A view of a Standard Chartered bank branch in Singapore. Picture: REUTERS/EDGAR SU
A view of a Standard Chartered bank branch in Singapore. Picture: REUTERS/EDGAR SU

Hong Kong  — Standard Chartered (Stanchart) on Thursday posted a 33% fall in first-half profit after credit impairment charges  jumped six-fold as a result of the coronavirus pandemic, and said it would continue to keep a tight lid on costs.

The lender, however, struck a more positive tone when it came to further provisions against bad debts, saying it expects impairments in the second half to be lower unless economic conditions deteriorate significantly.

StanChart's credit impairment in the first half rose to $1.58bn from $254m a year earlier, but expenses fell 10%. The bank said it aims to keep expenses below $10bn in 2020-2021..

Pretax profit, which focuses on Asia, Africa and the Middle East, dropped to $1.63bn in the January-June period from $2.41bn in the same period in 2019, the London-headquartered bank said in a stock exchange filing.

The latest profit compared with the $1.53bn average of analyst estimates compiled by Standard Chartered.

The bank also said it expects income, which grew 3% in the first-half, to be lower in the second half as trading activity slows in its financial markets division while interest rates remain low.

“Low interest rates and depressed oil prices continue to be headwinds and we expect new waves of Covid-19 related challenge in the coming quarters,” CEO Bill Winters said in the earnings statement.

StanChart is accelerating some elements of existing projects aimed at creating a leaner organisation as well as developing some new expense reduction initiatives, and Winters said this would involve “very small number of redundancies”.

It reiterated it would not pay dividends for the time being after a request from Britain's Prudential Regulation Authority, adding it hoped to resume payments “as soon as prudently possible”.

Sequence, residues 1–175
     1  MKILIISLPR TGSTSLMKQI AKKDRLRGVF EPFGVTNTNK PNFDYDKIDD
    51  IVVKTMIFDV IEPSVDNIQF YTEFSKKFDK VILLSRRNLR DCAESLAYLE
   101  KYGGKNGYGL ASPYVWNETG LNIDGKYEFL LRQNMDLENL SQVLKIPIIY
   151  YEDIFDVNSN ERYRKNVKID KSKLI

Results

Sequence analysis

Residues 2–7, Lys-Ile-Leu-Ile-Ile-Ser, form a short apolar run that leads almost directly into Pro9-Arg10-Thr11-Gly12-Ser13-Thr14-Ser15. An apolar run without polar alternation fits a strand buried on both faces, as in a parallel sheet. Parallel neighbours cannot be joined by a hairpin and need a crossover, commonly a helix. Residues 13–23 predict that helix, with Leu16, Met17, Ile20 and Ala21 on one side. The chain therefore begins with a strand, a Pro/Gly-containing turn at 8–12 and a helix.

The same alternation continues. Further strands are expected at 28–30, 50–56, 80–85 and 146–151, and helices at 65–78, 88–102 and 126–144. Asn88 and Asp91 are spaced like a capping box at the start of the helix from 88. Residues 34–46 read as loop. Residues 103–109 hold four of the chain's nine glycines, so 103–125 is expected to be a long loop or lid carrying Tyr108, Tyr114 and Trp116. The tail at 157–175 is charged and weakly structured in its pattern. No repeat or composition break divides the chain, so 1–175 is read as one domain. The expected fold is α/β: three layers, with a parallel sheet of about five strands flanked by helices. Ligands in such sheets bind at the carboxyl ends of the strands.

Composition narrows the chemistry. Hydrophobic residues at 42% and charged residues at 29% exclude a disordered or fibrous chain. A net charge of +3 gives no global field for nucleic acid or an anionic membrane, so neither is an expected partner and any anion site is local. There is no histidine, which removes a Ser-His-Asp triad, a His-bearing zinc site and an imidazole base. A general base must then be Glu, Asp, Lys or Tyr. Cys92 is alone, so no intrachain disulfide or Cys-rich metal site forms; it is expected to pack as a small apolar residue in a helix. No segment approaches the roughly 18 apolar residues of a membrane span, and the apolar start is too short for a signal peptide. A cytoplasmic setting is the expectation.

The Covid-19 pandemic, which has infected more than 16.5-million people across the world, is hitting businesses — from retail to aviation — globally as governments freeze economies to slow its spread.

StanChart's Hong Kong-listed shares gave up their gains after the results, falling 1.2% before midday, while the Hong Kong market index was off 0.8%.

Hong Kong impact

As with fellow British lender Barclays, which reported earnings on Wednesday, StanChart's overall performance was helped by its trading arm which held up much better than its corporate and retail banking businesses.

StanChart's retail, commercial and private banking business all saw profits nearly halve year on year, while its corporate and institutional banking division saw only a 13% decline as frenzied trading in stocks and bonds bolstered income.

The bank's earnings outlook has, however, also been clouded by political unrest in Hong Kong, whose economy contracted 9.0% in April-June, shrinking for the fourth quarter in a row and the second biggest drop on record.

Hong Kong is the single largest market for the bank.

The lender along with its London-headquartered peer HSBC Holdings in June broke from their usual policy of political neutrality to back Beijing's imposition of a controversial national security law on Hong Kong.

The banks, who have faced criticism from UK officials that their actions enabled Beijing to undermine the rule of law in the former British colony, have said they believed the law would restore stability in Hong Kong.

StanChart said on Thursday there was increasing risk due to “the escalation of tensions between the US and China in part due to the growing trade, security, social and political tensions in Hong Kong” and the imposition of the law.


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